We equally experienced the culture by visiting Mexico regularly, since I was a baby. Mum and dad worked hard and spent wisely to enable a family of 4 to go at least every two years. As soon as school was out we would be boarding the plane and spending our entire summer or Christmas holidays with our huge family. These were very special times, the glory days. Running around the huge gardens with 11 cousins, and about as many dogs. Garden parties, 'taquizas' (taco catering), BBQs, piñatas, mariachis, uncles overdoing the tequila...there was always something to celebrate or simply bring the family together.


These trips were not only to spend time with the family, but also delve deep into the culture, travel and get to know it well. Mum and dad wanted to pass on their sense of adventure, and we set-off on long road-trips through the country, driving through the mossy pine-covered mountains adorned with picturesque wooden ‘chalets’, to cactus-lined terracotta desert-lands, through to lush green tropical forests, coconut groves and coastal roads. Oh, and the food…nothing can replicate the authenticity of pulling-over to a little shack, and being served by the friendliest of families, the best homemade food; from the freshly-caught ‘trucha’ (trout) wrapped in foil ‘al mojo de ajo’ (bathed in garlic) or ‘al chile de arbol’ (with the explosive ’bird’s beak’ chile) in the mountains; to the ‘pollo a la leña’ (charred bbq chicken) with the most comforting fresh-pressed corn tortillas, chunky guacamole and exquisite salsas; accompanied with a young coconut water and maybe finished off with a local fruit `nieve´ (sorbet), not without it’s chilli-powder topping of course!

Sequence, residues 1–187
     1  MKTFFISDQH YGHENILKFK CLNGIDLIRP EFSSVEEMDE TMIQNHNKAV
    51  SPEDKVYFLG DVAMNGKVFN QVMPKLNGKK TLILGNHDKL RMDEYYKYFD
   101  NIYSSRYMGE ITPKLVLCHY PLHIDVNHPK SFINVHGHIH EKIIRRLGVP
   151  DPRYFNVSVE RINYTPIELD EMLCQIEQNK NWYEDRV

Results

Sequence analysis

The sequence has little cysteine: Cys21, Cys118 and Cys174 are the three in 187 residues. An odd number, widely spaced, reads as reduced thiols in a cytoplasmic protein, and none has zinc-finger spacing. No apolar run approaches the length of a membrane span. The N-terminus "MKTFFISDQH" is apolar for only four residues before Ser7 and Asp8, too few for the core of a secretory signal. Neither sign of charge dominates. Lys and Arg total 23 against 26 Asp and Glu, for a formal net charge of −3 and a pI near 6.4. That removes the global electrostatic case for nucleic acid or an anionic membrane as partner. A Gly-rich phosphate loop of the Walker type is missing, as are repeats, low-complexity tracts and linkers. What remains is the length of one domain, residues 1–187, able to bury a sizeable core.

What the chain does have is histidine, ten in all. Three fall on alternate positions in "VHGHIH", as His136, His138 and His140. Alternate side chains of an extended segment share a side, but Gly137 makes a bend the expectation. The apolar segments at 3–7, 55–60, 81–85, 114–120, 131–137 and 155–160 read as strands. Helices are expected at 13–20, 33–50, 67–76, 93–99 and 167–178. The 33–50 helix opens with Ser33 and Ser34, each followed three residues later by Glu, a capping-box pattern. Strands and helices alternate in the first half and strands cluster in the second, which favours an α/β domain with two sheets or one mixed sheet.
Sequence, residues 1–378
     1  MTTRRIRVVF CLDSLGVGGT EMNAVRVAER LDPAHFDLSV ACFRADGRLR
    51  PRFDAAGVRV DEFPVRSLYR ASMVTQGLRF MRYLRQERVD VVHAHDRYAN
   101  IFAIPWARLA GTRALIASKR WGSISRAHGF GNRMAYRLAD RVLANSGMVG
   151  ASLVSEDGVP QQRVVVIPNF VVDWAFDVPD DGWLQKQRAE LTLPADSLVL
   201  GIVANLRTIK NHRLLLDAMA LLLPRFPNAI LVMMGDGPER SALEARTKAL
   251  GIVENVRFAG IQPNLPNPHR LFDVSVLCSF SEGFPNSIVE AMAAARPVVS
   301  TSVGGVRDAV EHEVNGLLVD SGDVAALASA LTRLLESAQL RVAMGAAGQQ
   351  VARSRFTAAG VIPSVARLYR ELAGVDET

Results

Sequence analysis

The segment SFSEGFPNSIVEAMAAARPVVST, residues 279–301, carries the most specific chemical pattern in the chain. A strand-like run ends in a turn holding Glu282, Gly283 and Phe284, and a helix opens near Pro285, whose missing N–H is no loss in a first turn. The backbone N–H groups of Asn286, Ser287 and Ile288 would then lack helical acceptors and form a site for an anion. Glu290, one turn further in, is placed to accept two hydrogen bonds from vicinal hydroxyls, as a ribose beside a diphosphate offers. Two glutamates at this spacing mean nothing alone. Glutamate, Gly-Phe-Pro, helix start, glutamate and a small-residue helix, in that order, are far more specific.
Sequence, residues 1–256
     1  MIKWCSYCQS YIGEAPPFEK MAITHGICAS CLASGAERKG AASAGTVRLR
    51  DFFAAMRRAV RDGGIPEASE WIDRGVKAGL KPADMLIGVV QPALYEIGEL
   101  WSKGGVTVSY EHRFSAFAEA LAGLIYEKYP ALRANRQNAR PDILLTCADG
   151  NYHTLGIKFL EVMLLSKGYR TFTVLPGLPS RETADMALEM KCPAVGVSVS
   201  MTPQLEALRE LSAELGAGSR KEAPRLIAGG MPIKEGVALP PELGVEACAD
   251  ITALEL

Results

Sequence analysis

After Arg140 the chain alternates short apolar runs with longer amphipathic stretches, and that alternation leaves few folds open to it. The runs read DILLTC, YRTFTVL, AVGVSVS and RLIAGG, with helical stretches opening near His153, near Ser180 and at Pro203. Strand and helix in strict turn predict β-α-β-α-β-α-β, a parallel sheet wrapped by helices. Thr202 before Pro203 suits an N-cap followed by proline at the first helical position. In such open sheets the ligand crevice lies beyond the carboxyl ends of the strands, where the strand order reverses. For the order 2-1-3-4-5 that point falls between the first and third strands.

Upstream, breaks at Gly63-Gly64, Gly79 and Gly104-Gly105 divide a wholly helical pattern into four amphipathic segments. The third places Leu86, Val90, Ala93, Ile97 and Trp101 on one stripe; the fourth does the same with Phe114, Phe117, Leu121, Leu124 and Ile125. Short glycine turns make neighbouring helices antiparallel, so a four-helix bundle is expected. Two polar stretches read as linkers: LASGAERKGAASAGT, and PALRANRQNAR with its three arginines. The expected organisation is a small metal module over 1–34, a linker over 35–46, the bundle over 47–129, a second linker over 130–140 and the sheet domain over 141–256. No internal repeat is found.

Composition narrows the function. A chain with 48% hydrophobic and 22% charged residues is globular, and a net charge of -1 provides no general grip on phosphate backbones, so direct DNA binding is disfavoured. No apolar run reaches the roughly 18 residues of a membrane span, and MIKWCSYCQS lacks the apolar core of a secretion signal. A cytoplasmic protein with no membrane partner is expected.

We witnessed massively contrasting landscapes within hours of each other, and with the scenic changes came the ethnic diversity - 68 ethnic groups to be precise (of which I have probably only come into contact with about 15-20), and many more variations within- Zapotecs, Mixtecas, Otomis, Nahuas, Tzotziles . Stopping-off in small towns and villages, from those with colonial infrastructures, to those very much bare-bones, we would hear different pre-hispanic dialects, at times unable to communicate with the older generations, whom had never adopted Spanish. We would taste new flavours and ingredients, see different religious interpretations, combining pre-hispanic beliefs and Catholicism, which in turn produced different handicrafts. But, what impacted me the most was the traditional garments that continued (and still continue) to be worn by many indigenous men and women- the stark contrast of this against any surrounding modernity- just thinking back to those first impressions, trying to grasp the meaning of it, moves me. Mum would always engage with ‘la Doñita’ or ‘la Marchantita’ (affectionate names for the elderly sellers) when buying whatever harvest she was in town to sell, flowers, beans, vegetables- this way with every little exchange, I would learn a little about their life, and they about mine, the `güerita´(pale-skinned little girl) from far away.